Here's a brilliant little piece of industrial design: Amsterdam-based Thijs Smeets has carefully considered the way people read in bed, and devised the LiliLite to meet every need within that seemingly simple act. The light comes from directly overhead, providing even light on both sides of your book, as opposed
It's probably not what the lab techs who invented LEDs had in mind. The "Black Hole" water slide attraction in Bremerhaven, Germany is ringed with programmable LEDs, giving riders of the the 78-meter journey some visual trippiness on their way down: I'd like to ride this thing, and would eagerly
We received many entries in response to our call for "furniture and lighting products or systems for private, public, commercial or industrial use." The jury evaluated each entry by asking a series of key questions: What is the object? How good is it at being that object? Does it further
Even as the third annual NYCxDesign festival sees more group exhibitions than ever, it is the permanent showrooms and galleries that have the luxury—and challenge—of trying a different approach. This year, David Alhadeff of The Future Perfect managed to pull off a standout show precisely by focusing on a single
ICFF's vast exhibition space at the Jacob K. Javits center offers a dizzying encyclopedic landscape of design today. This year, the event's 27th anniversary, the show was bigger than ever, taking over 247,000 square feet with more than 700 exhibitors. The comprehensive survey presents a cross section of design today
With over 20 countries represented at WantedDesign this year, the event has solidified its standing as a forum for creating dialogue among varied design communities. Exploring the interplay between history and craft, a series of focused national pavilions examined the contemporary status of design in their respective countries. Yet there
For the first time, the London-based design fair opened its doors in New York City, introducing an international cast of exhibitors to New York Design Week. Highlights included Rosie Li's wonderful new lighting collection and Modus' new seating collection from Michael Sodeau.
It seems the momentum has picked up for Collective Design Fair, which closed its third edition on Sunday. The annual showcase, spearheaded by Founder and Creative Director Steven Learner, has carved a unique space for itself in the design landscape as a platform for both design innovation and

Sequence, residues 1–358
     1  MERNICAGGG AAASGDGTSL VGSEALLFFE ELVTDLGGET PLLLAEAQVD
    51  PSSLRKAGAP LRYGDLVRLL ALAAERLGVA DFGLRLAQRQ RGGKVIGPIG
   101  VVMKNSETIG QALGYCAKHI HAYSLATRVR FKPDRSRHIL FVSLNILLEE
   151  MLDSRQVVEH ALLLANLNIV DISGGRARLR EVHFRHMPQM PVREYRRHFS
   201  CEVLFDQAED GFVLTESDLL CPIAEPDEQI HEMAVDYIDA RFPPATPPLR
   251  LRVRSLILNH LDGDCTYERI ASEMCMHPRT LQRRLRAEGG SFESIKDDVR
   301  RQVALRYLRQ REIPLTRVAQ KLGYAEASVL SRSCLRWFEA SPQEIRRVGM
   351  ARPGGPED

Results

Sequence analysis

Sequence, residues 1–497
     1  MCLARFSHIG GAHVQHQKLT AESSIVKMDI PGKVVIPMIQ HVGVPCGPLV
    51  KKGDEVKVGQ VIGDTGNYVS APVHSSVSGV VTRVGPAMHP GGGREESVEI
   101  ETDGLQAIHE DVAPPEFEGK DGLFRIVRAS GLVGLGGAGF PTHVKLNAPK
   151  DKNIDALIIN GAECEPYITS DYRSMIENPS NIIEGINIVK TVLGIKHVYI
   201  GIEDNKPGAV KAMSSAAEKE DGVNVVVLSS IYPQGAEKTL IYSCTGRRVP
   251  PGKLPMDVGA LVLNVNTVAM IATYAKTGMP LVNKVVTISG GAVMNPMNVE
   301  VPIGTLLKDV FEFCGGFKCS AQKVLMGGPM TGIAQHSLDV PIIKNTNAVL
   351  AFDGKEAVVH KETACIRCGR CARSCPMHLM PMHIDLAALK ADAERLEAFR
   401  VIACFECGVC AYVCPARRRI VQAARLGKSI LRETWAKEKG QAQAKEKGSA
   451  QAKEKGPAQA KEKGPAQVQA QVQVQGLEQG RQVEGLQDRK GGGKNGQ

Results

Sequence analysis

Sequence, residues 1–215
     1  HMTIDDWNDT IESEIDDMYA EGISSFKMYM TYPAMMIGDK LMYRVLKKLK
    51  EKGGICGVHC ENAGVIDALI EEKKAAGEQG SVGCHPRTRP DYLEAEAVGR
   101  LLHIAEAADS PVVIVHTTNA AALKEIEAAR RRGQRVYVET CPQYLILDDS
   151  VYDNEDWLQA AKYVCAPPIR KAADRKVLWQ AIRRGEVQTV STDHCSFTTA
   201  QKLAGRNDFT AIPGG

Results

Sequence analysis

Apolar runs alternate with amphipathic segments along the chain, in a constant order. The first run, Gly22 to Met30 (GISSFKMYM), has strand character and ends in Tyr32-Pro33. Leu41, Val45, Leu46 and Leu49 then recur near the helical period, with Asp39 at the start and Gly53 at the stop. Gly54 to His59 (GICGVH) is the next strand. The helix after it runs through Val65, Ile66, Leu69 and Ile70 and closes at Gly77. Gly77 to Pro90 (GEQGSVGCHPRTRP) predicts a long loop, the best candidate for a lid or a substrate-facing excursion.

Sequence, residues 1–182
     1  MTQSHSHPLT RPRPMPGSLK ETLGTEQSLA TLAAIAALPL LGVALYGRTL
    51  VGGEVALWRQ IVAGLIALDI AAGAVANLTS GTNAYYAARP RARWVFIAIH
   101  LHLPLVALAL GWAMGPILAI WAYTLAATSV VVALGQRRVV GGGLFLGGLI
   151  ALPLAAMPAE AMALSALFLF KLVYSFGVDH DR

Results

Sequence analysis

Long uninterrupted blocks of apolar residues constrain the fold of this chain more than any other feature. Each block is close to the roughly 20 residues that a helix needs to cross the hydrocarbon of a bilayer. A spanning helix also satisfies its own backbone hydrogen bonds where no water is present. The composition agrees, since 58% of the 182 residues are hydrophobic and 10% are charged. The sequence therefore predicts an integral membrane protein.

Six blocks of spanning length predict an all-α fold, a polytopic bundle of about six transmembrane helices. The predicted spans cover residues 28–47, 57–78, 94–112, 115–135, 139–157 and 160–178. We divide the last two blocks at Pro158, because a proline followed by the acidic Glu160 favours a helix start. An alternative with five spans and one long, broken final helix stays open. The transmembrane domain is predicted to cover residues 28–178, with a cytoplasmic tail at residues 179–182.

Modernist thinking is often represented by the grid: order, repetition and the march of identical forms. Office space tends to adhere to these outdated standards, especially in the corporate sector, and most everyone has experienced the unpleasantness of overhead fluorescent lighting. One innovative solution, by New York-based Rich Brilliant Willing
At Spazio Rossana Orlandi, the grand dame of Italian design had an unusual mix of corporate projects from the likes of Wolf Gordon, Sunbrella and Marimekko to smaller scale works of independent studios and designers crowded into every nook and cranny of the exhibition space. For the first time, the
Designjunction, the London-based design tradeshow exhibited for the third year during Milan design week. Presenting a broad range of furniture, interior products and personal accessories spread over two floors in the San Babila Design Quarter. Tom Dixon's presentation anchored this year's show, taking over the Theatre/Cinema space of the Casa
Are we being watched? Well this year in the Ventura Lambrate District of Milan - we actually are. This detour into technology-derived anxiety is the result of the exhibition of Koncern, a Prague-based studio founded by the design pair Jirí Pribyl and Martin Imrich. In their show aptly titled "Embracing
NYC's bars and restaurants currently suffer from an aesthetic issue we call "Edison bulb overload." We get it, it's cool that you can see the filament. But how long can this nostalgia-driven trend last? While LEDs are clearly the future, few people have nailed a non-clinical aesthetic for LED bulbs
Last week, we examined a smarter jump rope. Brendan Keim was walking through the National Portrait Gallery in London last September when he stumbled upon a painting of a man with a long thin scepter. Intrigued, he snapped a photo and quickly sketched the object in his sketchbook, along with a note that it could make a pretty interesting light.
The project began after Bocci's creative director coerced a pilot friend into showing him his airplane. “My friend is showing me the engine and there’s this fabric bag," Omer Arbel says. "It struck me immediately. It was pristinely white in this engine of all gray or black pieces.”